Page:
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2016 Commuter Choice Summit - TDM Technology Session

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Open data in the General Transit Feed Specification (GTFS) format has led to many innovations in the transit industry. One of these innovations has been the emergence of open-source software projects that utilize open transit data and offer various multi-modal traveler information services. OneBusAway (http://onebusaway.org/) started as a student project at the University of Washington, and now offers real-time transit arrival information riders at more than 10 cities around the world. OpenTripPlanner (http://www.opentripplanner.org/) started as a project in TriMet, OR and has been used for the basis of many other trip planning applications world-wide, including the university campus-centric USF Maps App (http://maps.usf.edu/). This presentation will discuss the evolution and benefits of the OneBusAway and USF Maps App, including the ability for anyone to deploy these projects in new locations.

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2016 Commuter Choice Summit - TDM Technology Session

  1. 1. Center for Urban Transportation Research | University of South Florida TDM Technology Session Sean J. Barbeau, Ph.D. Principal Mobile Software Architect for R&D Center for Urban Transportation Research University of South Florida National Center for Transit Research
  2. 2. 2 Agenda • OneBusAway – How does real-time information affect riders? – Slide credits to Dr. Kari Watkins, Georgia Tech • USF Maps App – Multimodal campus-focused solution
  3. 3. 3 ONEBUSAWAY
  4. 4. 4 What is OneBusAway? • What? Suite of tools that provides real- time bus/train tracking information – Open source software – API for developers – Free to riders • Why? Make riding public transit easier by providing good information in usable formats – Research to evaluate the impacts 4
  5. 5. 5 Mobile Apps! Android Windows PhoneiPhone Support user location, route, stop contextual /personalized information All OPEN-SOURCE!
  6. 6. 6 OneBusAway Multi-region • Created centralized server directory • Modified apps to find cities using directory • Add a new city by adding a record in the directory
  7. 7. 7 Seattle, WA: Original deployment New York, NY: Adapted for the MTA (Bus Time) Washington, DC: 2016 Atlanta, GA: 2013 Tampa, FL: 2013 York, ON: 2014 Rouge Valley, OR: 2015 Where is OneBusAway? San Joaquin, CA: In testing San Diego, CA: 2016 Lappeenranta, Finland: In testing
  8. 8. 8 IMPACTS OF REAL-TIME ARRIVAL INFORMATION
  9. 9. 9 Impacts • Riders are more satisfied • Riders feel safer • Riders wait less time • Do they take more transit trips?
  10. 10. 10 Change in Satisfaction “I no longer sit with pitted stomach wondering where is the bus. It's less stressful simply knowing it's nine minutes away, or whatever the case.”
  11. 11. 11 Perception of Safety • Perception of Safety – 79% no change – 18% somewhat safer – 3% much safer • Safety correlated with gender – χ2=19.458 – p-value=0.001 0% 20% 40% 60% 80% 100% Men Women Somewhat Less Safe No Change Somewhat More Safe Much Safer 11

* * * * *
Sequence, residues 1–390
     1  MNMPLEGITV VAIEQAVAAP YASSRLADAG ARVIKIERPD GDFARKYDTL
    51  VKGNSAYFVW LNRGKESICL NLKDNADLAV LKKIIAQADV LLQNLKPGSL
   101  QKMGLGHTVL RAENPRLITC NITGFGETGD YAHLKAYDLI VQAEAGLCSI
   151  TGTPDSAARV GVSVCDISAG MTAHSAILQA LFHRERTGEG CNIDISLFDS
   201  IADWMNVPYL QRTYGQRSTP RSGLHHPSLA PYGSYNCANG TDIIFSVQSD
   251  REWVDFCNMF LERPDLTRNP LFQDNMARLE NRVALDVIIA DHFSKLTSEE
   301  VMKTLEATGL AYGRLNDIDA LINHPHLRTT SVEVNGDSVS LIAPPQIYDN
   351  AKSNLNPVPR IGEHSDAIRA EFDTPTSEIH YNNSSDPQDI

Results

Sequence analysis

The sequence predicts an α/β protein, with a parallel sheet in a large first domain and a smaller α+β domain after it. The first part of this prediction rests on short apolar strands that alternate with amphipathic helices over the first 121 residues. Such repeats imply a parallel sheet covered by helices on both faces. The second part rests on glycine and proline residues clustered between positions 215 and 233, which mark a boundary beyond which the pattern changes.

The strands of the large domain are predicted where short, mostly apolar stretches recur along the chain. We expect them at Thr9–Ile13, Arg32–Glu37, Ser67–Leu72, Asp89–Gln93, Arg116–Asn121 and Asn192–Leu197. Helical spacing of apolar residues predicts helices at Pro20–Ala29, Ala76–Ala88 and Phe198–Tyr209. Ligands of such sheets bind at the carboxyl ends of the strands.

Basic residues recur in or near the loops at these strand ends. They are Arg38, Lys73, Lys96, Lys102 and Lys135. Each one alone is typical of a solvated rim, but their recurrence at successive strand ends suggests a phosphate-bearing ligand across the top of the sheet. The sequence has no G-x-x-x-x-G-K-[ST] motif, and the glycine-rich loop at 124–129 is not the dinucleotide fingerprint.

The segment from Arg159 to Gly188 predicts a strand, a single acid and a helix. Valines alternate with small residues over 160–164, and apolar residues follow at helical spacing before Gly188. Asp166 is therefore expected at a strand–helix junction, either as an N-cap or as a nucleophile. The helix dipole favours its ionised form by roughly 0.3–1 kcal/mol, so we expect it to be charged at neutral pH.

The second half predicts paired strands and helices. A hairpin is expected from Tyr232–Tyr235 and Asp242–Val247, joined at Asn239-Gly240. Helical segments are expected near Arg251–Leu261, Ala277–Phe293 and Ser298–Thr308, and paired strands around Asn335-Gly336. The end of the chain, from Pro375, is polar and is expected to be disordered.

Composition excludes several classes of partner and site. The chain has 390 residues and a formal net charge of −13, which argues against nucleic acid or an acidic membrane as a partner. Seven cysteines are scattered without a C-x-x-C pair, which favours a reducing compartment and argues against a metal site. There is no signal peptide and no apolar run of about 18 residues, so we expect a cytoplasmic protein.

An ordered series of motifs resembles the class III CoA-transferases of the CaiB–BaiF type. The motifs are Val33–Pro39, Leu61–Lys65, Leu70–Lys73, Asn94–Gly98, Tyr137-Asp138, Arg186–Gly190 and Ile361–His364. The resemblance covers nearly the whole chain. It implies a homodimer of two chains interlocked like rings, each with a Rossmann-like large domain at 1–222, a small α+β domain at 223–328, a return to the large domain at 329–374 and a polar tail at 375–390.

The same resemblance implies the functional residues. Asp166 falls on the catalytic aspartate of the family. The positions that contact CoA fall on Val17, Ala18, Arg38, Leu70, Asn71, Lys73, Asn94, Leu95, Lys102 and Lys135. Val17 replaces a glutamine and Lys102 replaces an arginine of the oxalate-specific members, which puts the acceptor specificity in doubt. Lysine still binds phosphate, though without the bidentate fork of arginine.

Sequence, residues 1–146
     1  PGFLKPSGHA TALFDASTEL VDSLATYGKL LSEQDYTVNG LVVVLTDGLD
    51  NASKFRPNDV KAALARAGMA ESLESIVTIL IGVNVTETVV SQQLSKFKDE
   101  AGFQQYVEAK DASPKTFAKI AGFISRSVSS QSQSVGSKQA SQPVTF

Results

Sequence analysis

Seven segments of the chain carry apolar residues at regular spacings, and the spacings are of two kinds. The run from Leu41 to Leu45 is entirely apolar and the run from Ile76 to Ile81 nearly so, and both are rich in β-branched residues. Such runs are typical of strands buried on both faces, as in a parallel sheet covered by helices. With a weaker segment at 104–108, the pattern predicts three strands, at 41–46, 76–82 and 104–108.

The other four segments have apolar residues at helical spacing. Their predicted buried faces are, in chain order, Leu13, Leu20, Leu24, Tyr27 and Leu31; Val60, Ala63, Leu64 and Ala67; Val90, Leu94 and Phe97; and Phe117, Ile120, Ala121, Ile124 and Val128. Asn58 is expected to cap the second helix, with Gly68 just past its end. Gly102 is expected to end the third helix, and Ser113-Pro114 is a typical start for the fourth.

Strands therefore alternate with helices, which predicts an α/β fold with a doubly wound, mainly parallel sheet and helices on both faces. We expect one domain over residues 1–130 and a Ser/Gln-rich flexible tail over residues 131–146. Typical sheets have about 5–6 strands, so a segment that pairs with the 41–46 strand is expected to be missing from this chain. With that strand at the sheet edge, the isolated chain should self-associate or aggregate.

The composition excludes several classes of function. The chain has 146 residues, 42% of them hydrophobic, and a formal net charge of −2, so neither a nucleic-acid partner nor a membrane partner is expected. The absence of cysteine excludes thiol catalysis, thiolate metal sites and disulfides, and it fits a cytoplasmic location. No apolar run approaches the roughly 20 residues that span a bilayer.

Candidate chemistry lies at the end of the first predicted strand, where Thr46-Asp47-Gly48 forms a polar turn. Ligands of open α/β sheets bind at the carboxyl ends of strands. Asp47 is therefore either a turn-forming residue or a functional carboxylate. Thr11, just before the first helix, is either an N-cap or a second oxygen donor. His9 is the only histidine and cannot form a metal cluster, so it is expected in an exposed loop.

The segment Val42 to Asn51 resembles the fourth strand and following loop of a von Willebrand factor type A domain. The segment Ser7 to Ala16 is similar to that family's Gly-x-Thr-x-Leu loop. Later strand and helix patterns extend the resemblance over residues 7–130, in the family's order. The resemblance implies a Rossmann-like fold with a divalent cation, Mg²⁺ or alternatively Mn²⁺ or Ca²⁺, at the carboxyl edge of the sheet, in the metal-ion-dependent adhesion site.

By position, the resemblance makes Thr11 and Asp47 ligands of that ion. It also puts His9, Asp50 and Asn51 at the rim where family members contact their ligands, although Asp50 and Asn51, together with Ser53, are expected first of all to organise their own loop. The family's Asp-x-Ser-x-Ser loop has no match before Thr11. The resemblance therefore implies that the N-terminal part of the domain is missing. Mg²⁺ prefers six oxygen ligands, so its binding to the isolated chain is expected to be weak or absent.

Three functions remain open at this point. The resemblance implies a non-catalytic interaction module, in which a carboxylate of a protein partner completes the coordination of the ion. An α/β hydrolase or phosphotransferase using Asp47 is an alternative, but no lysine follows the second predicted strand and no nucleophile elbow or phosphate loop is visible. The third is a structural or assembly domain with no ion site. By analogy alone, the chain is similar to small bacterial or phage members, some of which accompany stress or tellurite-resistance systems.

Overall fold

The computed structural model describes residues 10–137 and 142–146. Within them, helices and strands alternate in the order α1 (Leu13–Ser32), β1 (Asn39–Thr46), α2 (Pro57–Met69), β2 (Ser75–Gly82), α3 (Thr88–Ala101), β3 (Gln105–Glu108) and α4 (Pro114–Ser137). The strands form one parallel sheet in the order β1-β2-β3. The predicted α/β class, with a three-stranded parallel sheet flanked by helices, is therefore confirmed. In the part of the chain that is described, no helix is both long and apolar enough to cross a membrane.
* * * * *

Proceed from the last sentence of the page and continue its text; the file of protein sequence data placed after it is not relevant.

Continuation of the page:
12. 12. 12 Wait Time • Without real time, perceived wait > actual wait • With real time, perceived wait = actual wait • Value of real time >> more frequent service Group Real Time Schedule Difference T-stat (p-value) Mean Typical Wait 7.54 9.86 2.32 5.50 (0.00) Aggravation Level 3.35 3.29 -0.05 -0.24 (0.81) Actual Wait Time 9.23 11.21 1.98 2.17 (0.03) 12
  13. 13. 13 Ridership - Tampa Before-After Control Group Research Design • Motivation: HART provided USF & Georgia Tech special access to real-time data • Recruitment: HART website/email list (Incentive of 1 day bus pass) • Measurement: Web-based surveys • Group Assignment: Random number generator • Treatment: OneBusAway Limiting the Treatment: iPhone & Android Apps
  14. 14. 14 Tampa • Significant improvements in the waiting experience – Decreases in self-reported usual wait times – Increases in satisfaction with wait times and reliability • Little evidence supporting a change in transit trips – Approx. 1/3 of RTI users stated they ride the bus more frequently, perhaps because of: • Affirmation bias of respondents • Scale of measurement (trips per week) – Only riders within sphere of transit agency
  15. 15. 15 Ridership - New York City #1. February 2011: Brooklyn Pilot (B63) #2. February 2012: Staten Island Launch #3. November 2012: Bronx Launch #4. October 2013: Manhattan Launch #5. March 2014: Queens + Brooklyn Launch
  16. 16. 16 Ridership - New York City • Method • Comparison of multiple panel regression techniques in a well-suited natural experiment • Conclusions Real-time Information as a single variable • Average increase of ~115 rides per route per weekday (median of 1.6%), similar to previous Chicago study Real-time Information by route size • Average increase of ~338 rides per weekday on the largest quartile of routes (median of 2.3%) • Limitations • Short Timescale • Aggregate Analysis
  17. 17. 17 Comparison of Key Findings New York City Tampa Atlanta Transit Agency Methodology Natural experiment with panel regression Behavioral experiment with a before-after control group design Before-after analysis of transit trips Key Finding Average weekday route- level increase of ~115 rides (median of 1.6%); Average weekday increase of ~338 rides on the largest routes (median of 2.3%) Little evidence supporting a change in bus trips; Significant improvements in the waiting experience, particularly wait times Little evidence supporting a change in bus/train trips; Perceived improvements in wait times and overall satisfaction with MARTA
  18. 18. 18 USF MAPS APP